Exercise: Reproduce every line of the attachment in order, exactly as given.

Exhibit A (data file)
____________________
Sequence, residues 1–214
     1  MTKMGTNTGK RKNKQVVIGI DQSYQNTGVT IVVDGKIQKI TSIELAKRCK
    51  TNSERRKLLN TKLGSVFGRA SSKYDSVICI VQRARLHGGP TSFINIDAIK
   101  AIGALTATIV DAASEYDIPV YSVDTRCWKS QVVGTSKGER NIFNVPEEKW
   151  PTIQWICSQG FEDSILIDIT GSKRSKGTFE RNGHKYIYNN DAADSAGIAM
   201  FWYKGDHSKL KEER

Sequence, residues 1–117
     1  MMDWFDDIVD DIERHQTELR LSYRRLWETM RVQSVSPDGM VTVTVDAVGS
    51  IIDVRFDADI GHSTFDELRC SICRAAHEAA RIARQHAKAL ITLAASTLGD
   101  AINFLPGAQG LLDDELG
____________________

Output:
Sequence, residues 1–214
     1  MTKMGTNTGK RKNKQVVIGI DQSYQNTGVT IVVDGKIQKI TSIELAKRCK
    51  TNSERRKLLN TKLGSVFGRA SSKYDSVICI VQRARLHGGP TSFINIDAIK
   101  AIGALTATIV DAASEYDIPV YSVDTRCWKS QVVGTSKGER NIFNVPEEKW
   151  PTIQWICSQG FEDSILIDIT GSKRSKGTFE RNGHKYIYNN DAADSAGIAM
   201  FWYKGDHSKL KEER

Sequence, residues 1–117
     1  MMDWFDDIVD DIERHQTELR LSYRRLWETM RVQSVSPDGM VTVTVDAVGS
    51  IIDVRFDADI GHSTFDELRC SICRAAHEAA RIARQHAKAL ITLAASTLGD
   101  AINFLPGAQG LLDDELG